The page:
UK Professor claims new drugs produce poor increases in survival times

UK Professor claims new drugs produce poor increases in survival times

Professor Charlie Swanton of UCL has stated that the 71 cancer drugs approved by US regulators in the 12 years to 2016 have generated an average increased survival of just 2.1 months of extra life, representing a cost per drug average of $10,000 per month.

Professor Swanton, who is also a scientist at the Francis Crick Institute in London confirms this in a You Tube video and in comments on a UCL report into immunotherapy improvements.

Seeking to understand why new immunotherapy drugs work fully only on a low percentage of people, UCL researchers are looking into why cancers constantly ‘mutate’ and trying to develop immunotherapy drugs that will heighten T-cells that can hit all the forms of the cancer rather that just a subset. The scientists explained that it was rather like chasing a gang of criminals involved in organized crime on many fronts, from money laundering to child-trafficking. The only real way to stop the problem was to find the heads of the organization and attack those.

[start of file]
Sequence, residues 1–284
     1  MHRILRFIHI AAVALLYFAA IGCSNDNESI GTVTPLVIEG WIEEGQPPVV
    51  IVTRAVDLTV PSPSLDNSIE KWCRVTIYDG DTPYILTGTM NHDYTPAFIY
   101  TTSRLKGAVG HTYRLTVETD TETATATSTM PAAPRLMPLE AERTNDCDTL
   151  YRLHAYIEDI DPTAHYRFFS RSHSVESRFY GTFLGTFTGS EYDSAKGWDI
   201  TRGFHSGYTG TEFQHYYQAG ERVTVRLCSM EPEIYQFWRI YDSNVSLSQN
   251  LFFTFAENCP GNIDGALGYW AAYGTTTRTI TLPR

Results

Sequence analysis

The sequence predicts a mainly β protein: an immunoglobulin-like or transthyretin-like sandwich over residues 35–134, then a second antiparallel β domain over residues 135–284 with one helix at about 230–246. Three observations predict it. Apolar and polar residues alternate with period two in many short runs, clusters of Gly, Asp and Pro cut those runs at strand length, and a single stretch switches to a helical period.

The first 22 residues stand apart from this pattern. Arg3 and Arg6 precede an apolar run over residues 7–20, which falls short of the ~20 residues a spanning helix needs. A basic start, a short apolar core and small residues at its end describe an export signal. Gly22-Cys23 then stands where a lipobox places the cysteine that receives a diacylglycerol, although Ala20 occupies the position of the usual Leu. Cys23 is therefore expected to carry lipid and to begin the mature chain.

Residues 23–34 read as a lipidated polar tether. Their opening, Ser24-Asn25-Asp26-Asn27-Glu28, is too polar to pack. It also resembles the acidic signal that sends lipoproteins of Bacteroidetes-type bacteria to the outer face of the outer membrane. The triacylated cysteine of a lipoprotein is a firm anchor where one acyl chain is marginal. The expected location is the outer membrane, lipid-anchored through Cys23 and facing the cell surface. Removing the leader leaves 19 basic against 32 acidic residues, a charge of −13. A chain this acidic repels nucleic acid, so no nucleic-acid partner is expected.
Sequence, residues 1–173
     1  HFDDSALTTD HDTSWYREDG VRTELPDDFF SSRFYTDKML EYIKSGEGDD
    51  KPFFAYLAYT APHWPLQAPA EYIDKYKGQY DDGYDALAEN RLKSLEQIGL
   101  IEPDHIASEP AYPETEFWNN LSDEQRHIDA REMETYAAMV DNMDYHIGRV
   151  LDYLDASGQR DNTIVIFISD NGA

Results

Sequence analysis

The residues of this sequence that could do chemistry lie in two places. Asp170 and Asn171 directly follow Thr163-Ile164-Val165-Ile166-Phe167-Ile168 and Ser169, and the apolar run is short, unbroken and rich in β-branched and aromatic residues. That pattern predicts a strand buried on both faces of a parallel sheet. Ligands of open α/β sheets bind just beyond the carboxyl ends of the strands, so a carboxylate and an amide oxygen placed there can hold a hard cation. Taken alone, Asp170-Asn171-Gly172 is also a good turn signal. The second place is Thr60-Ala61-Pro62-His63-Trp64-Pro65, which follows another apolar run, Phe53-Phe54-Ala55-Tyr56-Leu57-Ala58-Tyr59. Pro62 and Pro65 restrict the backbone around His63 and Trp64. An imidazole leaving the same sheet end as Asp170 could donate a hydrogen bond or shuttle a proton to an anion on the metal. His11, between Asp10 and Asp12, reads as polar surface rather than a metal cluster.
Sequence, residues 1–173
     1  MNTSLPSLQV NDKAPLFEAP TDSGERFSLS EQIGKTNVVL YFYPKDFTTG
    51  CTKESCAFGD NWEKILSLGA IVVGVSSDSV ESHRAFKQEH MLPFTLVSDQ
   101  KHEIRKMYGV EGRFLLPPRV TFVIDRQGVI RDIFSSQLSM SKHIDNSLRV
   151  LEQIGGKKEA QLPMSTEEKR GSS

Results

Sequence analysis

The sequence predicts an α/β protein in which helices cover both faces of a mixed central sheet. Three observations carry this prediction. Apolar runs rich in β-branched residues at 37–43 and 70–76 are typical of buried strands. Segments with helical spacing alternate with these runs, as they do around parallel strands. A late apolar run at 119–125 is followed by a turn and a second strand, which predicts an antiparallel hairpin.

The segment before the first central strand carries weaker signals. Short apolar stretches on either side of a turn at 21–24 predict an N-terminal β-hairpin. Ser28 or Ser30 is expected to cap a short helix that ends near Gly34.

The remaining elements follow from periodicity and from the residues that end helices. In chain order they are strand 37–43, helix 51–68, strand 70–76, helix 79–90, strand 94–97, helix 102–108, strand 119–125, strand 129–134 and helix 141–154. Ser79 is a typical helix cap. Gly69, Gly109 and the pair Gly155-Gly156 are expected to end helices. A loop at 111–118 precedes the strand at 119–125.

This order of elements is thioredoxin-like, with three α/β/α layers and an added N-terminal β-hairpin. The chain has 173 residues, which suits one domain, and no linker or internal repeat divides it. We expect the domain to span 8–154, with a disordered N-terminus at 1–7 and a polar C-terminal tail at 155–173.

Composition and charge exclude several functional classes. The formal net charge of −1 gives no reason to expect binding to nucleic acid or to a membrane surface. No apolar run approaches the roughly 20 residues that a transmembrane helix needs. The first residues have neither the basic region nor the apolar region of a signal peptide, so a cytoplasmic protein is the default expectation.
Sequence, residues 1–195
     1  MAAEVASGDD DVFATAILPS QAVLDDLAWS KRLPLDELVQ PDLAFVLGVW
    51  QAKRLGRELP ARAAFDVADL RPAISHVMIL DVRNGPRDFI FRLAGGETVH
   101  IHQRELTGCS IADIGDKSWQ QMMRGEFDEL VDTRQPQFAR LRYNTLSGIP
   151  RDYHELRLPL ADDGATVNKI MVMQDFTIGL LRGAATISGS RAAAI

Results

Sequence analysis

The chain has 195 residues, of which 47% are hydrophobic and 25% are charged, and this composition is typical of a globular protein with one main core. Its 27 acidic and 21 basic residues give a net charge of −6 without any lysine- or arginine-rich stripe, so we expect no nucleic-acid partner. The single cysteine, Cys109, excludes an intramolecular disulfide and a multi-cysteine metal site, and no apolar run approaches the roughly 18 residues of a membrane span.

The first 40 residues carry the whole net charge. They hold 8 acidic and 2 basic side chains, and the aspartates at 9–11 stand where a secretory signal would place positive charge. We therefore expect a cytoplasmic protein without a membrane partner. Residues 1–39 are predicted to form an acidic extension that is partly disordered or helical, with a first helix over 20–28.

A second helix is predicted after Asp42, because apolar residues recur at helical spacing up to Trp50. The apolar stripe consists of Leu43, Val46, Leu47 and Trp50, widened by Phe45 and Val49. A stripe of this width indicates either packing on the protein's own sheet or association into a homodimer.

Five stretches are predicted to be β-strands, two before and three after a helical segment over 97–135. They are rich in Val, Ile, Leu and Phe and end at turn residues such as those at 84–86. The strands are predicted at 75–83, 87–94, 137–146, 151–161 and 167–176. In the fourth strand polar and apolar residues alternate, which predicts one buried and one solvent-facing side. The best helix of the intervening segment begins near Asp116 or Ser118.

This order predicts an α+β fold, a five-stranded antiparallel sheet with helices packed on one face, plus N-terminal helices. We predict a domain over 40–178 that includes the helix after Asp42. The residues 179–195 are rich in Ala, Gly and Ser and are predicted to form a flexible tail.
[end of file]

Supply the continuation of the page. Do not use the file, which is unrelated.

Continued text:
The report suggests that these new immunotherapy solutions may have a much larger up-front cost, but will be better value for money because they will extend survival time much more.

Chris Woollams, former Oxford University Biochemist and a founder of CANCERactive said, “With cancer, so many times the same thing happens. Here we are told for years by the likes of Cancer Research and Big Pharma just how wonderful all the new drugs are and how they are a ‘breakthrough’ or a ‘wonder drug’ increasing survival significantly, and then someone explaining their new research programme shoots the claims to pieces with hard evidence! The Truth is that the average patient would probably get a longer survival time if they followed an anti-cancer diet and exercise programme, rather than take a new ‘wonder drug’.”

Go to: CANCERactive Guidelines on Diet and exercise for Cancer Patients

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